At sundown on October 21, observant Jews celebrated Simchat Torah, “rejoicing in the Torah,” as this marks the end of the annual cycle of reading the Torah and hence the time to start anew.
During this holiday, the last section of Deuteronomy and the first section of Genesis are read in succession after a festival parade of the Torah scrolls embellished with singing and dancing.
For secular Jews such as myself, or nonJews, who feel left out of this celebration, we can take solace that as English speakers we’re able to rejoice in the many words and phrases that the five books of the Torah (Genesis, Exodus, Leviticus, Numbers, and Deuteronomy) have contributed to the English vernacular.
Mostly, these words and expressions found their way into English through translations of the Torah, such as the King James Bible (KJB). Take the word jubilee. While a jubilee might be an occasion for an English queen to be jubilant, as in the 2012 “Queen’s Diamond Jubilee,” celebrating the 60th anniversary of Elizabeth II ascension, the word bears no etymological ode to joy.
The first definition of this word in the OED is “A year of emancipation and restoration, which according to Leviticus 25 was to be kept every 50 years, and … proclaimed by the blast of trumpets.. ; during it the fields were … left uncultivated, Hebrew slaves were …set free, and lands and houses in the open country.. that had been sold were to revert to their former owners or their heirs.”
This august year takes its name from the Hebrew word yobhel, “ram’s horn,” which was used to proclaim the advent of this event. The word “jubilee” is first used in John Wycliffe’s 1382 translation of the Bible: “Thow shalt halowe the fyftith yeer… he is forsothe the iubilee.” Chaucer was the first person to use the word without its religious context and by the late 16th century its secular sense became the dominant meaning.
Scapegoat is another word first found in Leviticus and once again its progenitor is Wycliffe who renders Leviticus 16 as “And Aaron cast lottes ouer the.. ootes: one lotte for the Lorde, and another for a scapegoote.”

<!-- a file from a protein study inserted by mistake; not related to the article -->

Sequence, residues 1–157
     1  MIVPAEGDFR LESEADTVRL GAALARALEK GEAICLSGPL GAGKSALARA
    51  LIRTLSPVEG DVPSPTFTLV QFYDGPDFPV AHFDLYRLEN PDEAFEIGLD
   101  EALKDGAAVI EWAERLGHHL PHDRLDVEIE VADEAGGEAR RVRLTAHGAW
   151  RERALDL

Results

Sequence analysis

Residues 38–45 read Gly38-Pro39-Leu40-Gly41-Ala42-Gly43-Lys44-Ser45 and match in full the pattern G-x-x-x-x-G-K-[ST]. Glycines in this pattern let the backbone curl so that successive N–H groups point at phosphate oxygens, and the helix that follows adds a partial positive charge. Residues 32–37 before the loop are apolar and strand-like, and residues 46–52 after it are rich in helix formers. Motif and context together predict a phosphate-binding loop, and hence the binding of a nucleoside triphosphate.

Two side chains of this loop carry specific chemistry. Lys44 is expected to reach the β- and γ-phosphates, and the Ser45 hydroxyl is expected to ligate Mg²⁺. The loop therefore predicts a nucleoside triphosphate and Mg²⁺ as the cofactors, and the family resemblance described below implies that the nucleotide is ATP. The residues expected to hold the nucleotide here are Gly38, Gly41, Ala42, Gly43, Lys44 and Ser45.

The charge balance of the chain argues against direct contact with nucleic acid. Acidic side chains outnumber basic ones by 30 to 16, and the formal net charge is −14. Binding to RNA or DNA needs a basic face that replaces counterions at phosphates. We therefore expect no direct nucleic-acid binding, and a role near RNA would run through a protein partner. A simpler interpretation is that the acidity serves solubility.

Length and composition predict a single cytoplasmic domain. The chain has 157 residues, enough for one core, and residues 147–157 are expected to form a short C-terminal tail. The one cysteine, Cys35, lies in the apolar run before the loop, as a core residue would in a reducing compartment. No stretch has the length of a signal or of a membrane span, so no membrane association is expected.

Most people think of a scapegoat as an innocent person or group that bears the blame for others and suffers a punishment in their stead. However, in the biblical ritual of the Day of Atonement a scapegoat referred to one of two goats that was sent alive into the wilderness.
The sins of the people had been symbolically laid upon this “escaped” goat, while the other goat was sacrificed to God. So, I suppose, in the original sense, being a scapegoat was better for your well-being than the alternative. As well, our vocabulary has been enriched by several colourful expressions found in the five Books of Moses. These include brother’s keeper, (Genesis 4:9), land of milk and honey (Exodus 3:8), an eye for an eye (Exodus 21:23-27), and fat of the land (Genesis 45:18) Several words and phrases are thought to have a biblical provenance that, in fact, do not. Such is the case of helpmate.
We read in Genesis 2:18, in the KJB, “God, having created man, observed, ‘It is not good that the man should be alone, I will make him a help meet for him’” i.e, “suitable help.” Hearing “help meet” pronounced, by the end of the 17th century churchgoers rendered the term as helpmeet and by the 18th century this hyphenated term transmogrified into “helpmate.”
Another Genesis term whose meaning has been misconstrued is “mark of Cain.” We think of this phrase to signify a murderer just as the letter A denoted an adulterer in Hawthorne’s The Scarlet Letter. However, when God puts a “mark upon Cain” it is placed so that Cain will be labelled so that others would know not to punish him further.
One of the best-known supposedly biblical expressions is forbidden fruit, but in Genesis 2 and Genesis 3 Adam and Eve are only instructed not to partake of the fruit of “the tree of knowledge of good and evil.” According to the OED, forbidden fruit is first used in Edward Stillingfleet’s 1662 Origines Sacræ: “He required from him the observance..of not eating..the forbidden fruit.”
Also, surprisingly, not found in Scripture is the expression “promised land” as this phrase was first used in Thomas Norton’s translation of Calvin’s Institutio Christianae Religionis written in 1561. N.B. This article is aimed for all readers; those who walk with God (Deuteronomy 10:12) and those who worship the Golden Calf (Exodus 32:4)